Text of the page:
Mactaquac Dam and Headpond

Mactaquac, New Brunswick, is the site of the Canadian Maritime provinces’ largest hydroelectric dam, producing 668 MW of renewable energy (12% of its needs). The dam was built in the mid-1960s at great economic, environmental and social cost. The cement used to build the dam, however, contained a faulty aggregate which is compromising the stability of the structure. The dam will be either rebuilt, removed, or left in place without producing power. This decision has to be made by 2016, and the utility has initiated a process to decide how to proceed.

Our team has been engaged in research and outreach around this issue since 2013. We started with an analysis of the New Brunswick energy system.

In August 2013, we ran focus groups with locals, while on a houseboat tour of the headpond from the Dam to Kings Landing Historical Settlement. Watch the documentary, or read the poster.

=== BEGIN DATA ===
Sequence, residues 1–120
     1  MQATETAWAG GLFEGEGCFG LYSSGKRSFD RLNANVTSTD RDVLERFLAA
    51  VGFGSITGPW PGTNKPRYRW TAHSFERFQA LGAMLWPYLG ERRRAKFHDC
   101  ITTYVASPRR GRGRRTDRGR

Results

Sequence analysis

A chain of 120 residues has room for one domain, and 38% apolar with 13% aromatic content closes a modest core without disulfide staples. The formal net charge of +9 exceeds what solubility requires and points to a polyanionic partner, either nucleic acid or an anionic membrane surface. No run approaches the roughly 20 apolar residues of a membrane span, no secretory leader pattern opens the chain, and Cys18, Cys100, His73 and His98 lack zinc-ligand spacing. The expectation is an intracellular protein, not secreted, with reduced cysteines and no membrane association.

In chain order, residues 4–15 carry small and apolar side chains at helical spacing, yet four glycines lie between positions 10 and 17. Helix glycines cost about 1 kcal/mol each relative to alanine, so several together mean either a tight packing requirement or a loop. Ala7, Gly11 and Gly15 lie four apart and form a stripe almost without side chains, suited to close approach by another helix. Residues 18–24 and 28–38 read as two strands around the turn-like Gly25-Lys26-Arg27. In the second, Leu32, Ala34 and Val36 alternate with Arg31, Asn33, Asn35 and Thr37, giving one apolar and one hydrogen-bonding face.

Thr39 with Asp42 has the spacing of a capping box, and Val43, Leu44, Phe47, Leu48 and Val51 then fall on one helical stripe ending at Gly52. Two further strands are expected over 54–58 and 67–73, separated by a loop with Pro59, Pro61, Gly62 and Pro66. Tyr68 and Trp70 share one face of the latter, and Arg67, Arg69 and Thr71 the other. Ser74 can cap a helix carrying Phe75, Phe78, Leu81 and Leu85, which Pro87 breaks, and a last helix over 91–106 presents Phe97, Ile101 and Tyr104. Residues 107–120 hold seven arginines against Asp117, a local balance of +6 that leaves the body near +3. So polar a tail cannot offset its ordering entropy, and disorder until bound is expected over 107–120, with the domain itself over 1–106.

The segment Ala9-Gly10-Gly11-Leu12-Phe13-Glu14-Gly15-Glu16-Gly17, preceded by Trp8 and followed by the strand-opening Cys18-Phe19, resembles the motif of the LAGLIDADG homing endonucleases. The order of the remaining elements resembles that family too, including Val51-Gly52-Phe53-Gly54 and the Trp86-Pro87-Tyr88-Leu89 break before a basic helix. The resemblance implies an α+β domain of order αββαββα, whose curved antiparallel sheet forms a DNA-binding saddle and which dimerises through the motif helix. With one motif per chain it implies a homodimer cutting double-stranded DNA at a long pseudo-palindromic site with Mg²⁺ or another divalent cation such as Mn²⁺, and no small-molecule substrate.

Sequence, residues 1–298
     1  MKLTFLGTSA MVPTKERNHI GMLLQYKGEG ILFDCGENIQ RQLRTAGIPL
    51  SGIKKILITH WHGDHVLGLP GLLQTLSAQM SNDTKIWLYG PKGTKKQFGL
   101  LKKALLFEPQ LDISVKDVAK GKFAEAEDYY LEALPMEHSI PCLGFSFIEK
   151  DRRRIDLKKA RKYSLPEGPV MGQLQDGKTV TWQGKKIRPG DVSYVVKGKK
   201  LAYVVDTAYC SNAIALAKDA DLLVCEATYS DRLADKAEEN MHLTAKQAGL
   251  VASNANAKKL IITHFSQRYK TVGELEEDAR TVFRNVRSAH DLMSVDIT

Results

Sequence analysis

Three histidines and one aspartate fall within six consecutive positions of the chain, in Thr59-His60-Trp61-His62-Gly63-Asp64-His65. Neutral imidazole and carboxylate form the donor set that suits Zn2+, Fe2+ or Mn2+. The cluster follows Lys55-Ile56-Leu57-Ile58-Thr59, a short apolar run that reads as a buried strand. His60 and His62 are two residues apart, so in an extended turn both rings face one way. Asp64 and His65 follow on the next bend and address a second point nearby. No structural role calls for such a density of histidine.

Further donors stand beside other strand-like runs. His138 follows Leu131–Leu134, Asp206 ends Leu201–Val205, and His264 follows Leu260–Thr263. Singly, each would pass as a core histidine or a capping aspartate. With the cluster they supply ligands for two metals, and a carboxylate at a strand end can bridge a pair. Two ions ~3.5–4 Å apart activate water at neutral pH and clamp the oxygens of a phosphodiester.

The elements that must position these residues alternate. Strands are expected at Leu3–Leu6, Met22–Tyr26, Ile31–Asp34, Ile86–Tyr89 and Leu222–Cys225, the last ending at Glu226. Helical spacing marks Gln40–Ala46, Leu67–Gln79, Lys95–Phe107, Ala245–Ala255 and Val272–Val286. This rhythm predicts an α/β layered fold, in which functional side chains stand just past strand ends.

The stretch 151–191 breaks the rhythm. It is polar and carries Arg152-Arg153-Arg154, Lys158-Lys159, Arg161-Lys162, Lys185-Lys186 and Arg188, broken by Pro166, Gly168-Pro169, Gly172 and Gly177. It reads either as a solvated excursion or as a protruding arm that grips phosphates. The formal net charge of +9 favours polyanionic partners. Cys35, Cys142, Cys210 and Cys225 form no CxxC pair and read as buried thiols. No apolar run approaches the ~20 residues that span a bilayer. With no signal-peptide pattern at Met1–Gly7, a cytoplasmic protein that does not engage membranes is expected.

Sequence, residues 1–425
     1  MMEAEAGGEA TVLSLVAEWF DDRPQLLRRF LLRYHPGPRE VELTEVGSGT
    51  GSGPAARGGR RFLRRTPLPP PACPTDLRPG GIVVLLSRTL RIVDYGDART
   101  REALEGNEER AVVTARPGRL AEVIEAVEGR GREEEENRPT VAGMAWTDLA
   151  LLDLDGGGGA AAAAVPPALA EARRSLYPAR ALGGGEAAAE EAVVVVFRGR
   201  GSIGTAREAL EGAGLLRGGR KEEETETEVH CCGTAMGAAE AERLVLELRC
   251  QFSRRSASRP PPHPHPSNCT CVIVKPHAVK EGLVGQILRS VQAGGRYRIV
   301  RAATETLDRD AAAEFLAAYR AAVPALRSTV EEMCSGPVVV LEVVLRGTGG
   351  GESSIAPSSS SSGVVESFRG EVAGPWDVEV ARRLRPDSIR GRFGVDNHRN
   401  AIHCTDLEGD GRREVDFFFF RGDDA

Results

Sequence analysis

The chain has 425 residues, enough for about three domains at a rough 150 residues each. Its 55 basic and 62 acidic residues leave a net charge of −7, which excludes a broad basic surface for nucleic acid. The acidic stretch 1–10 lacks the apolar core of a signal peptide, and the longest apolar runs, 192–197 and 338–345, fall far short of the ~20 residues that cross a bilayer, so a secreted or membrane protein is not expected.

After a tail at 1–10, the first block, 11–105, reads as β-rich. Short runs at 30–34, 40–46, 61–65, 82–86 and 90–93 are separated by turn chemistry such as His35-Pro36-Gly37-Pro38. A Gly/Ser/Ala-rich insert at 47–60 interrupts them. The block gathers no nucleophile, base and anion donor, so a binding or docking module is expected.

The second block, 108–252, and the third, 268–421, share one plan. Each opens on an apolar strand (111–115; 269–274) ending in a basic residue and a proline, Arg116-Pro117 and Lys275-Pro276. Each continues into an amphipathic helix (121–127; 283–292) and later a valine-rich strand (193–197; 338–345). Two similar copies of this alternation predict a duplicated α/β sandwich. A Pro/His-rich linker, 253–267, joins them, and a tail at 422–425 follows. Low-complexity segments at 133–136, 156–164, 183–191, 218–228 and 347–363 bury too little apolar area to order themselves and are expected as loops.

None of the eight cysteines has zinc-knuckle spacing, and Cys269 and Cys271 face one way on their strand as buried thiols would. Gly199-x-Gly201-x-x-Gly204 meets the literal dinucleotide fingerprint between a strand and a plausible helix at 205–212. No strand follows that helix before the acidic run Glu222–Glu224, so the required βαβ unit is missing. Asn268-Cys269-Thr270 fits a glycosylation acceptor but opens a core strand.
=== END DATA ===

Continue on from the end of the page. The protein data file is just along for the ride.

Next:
The following year, we returned to carry out interviews in local people’s homes, adding more young people and elders, to understand the relationships people had with the headpond, and what future option they preferred.

Of the three options, NB Power has provided the least information around the option of removing the dam. Misinformation is rife, and the lack of public understanding about this option and its implications is creating a polarized debate. Specifically, there is a lack of awareness of what typically results from dam removal processes and what kind of landscape might result in Mactaquac. We completed a review of dam removal processes and outcomes, including One of the biggest local concerns is around.

Finally, it is important to think of the Mactaquac Dam as only part of the energy system. New Brunswick has a range of energy controversies, including shale gas extraction, wind turbines, nuclear plant recommissioning, thermal plant fuel conversion, and consumption measures such as SmartGrids. Each of these is often debated in isolation, like the dam decision, but our project is planning a citizen jury for fall 2015 which will encourage local citizens to debate the ideal energy mix for New Brunswick, and discuss how to get there.